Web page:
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By Kathleen Fackelmann, USA TODAY – 07/21/2003
Fish and other foods rich in a type of beneficial fat may help prevent Alzheimer’s
disease, says a study out Tuesday.
The new finding fits in with a growing body of scientific evidence that suggests
Americans could reduce their risk of developing all sorts of killer diseases, such as heart
disease, cancer and now Alzheimer’s, if they ate a healthier diet - one rich in fish, fruits
and vegetables.
Everyone would benefit by adopting that diet, but boomers and younger people might
gain a bigger health edge from eating more brain food. Researchers believe that
Alzheimer’s takes years to develop. About 4 million Americans now suffer from the
incurable disease, and that number is expected to grow to 14 million by the end of this
century, according to the Alzheimer’s Association.
Martha Clare Morris of Rush-Presbyterian-St. Luke’s Medical Center in Chicago and her
colleagues recruited 815 people between the ages of 65 and 94. At the start of the study,
recruits showed no sign of Alzheimer’s disease, which causes memory loss, confusion
and the inability to perform routine daily tasks.
The researchers asked about their diet and kept track of the volunteers for an average of
four years. At the end, 131 people developed Alzheimer’s.
A statistical analysis in Tuesday’s Archives of Neurology revealed that people who ate
fish once a week or more had a 60% lower risk of Alzheimer’s disease than those who
rarely or never ate fish. Oily fish such as salmon contain omega-3 fatty acids that already
have been shown to reduce the risk of dying from heart disease. Other foods, such as nuts
and oil-based salad dressing, also contain these helpful fats, Morris says.
Animal research suggests these omega-3 fatty acids help nerve cells fire more efficiently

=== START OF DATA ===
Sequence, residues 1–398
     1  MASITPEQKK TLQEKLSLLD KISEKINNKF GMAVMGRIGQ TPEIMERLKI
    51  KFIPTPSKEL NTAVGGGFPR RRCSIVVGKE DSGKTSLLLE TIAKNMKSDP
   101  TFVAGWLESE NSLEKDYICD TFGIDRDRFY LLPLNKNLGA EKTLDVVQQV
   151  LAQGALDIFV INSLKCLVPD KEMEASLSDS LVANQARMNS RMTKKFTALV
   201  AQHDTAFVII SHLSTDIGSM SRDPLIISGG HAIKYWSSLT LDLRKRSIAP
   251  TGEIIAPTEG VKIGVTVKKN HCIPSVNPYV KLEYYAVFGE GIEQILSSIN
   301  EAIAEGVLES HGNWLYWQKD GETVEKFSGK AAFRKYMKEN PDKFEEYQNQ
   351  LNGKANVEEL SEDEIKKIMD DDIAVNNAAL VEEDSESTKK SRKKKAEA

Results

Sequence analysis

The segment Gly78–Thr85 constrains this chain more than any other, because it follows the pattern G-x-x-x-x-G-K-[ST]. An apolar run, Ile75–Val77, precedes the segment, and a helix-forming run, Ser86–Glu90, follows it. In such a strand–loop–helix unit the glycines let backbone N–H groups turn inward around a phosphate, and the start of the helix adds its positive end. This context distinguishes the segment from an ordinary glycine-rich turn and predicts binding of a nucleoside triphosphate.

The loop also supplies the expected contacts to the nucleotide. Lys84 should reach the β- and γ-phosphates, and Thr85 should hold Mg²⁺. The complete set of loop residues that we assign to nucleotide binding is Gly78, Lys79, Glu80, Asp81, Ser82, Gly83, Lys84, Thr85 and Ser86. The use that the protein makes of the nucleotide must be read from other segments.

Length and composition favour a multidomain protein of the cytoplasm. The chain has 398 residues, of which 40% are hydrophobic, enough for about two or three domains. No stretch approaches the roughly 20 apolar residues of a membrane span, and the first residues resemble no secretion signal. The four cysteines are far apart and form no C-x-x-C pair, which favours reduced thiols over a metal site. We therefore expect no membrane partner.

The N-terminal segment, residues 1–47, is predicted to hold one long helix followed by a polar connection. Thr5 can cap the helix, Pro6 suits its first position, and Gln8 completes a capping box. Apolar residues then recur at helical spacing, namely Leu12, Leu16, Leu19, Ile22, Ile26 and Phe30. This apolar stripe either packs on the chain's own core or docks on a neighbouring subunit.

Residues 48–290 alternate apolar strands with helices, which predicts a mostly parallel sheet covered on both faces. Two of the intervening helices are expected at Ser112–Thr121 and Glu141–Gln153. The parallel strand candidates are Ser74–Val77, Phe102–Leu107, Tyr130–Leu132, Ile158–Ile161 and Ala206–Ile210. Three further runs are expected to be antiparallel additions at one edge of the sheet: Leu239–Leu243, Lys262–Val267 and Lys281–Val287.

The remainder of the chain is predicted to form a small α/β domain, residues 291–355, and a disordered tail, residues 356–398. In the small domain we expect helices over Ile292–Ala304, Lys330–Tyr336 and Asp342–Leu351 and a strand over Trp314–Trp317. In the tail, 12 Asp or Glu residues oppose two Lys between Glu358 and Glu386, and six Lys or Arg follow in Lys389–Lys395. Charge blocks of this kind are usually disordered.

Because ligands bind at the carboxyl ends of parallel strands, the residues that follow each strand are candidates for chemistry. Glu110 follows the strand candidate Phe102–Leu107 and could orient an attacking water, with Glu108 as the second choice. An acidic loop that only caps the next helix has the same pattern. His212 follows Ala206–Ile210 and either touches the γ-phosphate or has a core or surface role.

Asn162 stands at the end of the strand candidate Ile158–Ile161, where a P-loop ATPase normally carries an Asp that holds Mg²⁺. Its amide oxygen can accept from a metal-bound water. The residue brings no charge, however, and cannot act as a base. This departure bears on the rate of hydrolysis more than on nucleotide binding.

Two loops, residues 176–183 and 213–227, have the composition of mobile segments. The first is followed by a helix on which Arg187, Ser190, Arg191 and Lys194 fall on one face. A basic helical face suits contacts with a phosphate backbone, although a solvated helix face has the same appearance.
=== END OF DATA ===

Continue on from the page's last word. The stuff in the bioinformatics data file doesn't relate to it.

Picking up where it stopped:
and thus might help boost memory abilities, she says. Or it may be that people who eat
more fish also choose to eat more fruits and veggies. Other studies suggest that fruits and
vegetables may stave off Alzheimer’s because they contain antioxidants that protect brain
cells, says Robert Friedland, a neurologist at Case Western Reserve University in
Cleveland.
The Chicago study, the first human study in the USA, supports previous findings from
two European studies. The link between fish and a lower risk of Alzheimer’s must be
confirmed with additional research, says Bill Thies of the Alzheimer’s Association. But
consumers don’t necessarily need to wait for a final verdict from science. “There are lots
of good reasons to eat more fish,” Thies says.
Many health experts agree, but they also warn that people, particularly pregnant women
and young children, should avoid fish high in methyl mercury, a harmful contaminant
found in some fish. Swordfish, shark, tuna and other large predatory fish can contain lots
of mercury, while salmon, flounder and cod generally don’t have as much.
Fish oil supplements, which were not considered in Tuesday’s study, also can be a good
source of omega-3 fatty acids, Friedland says.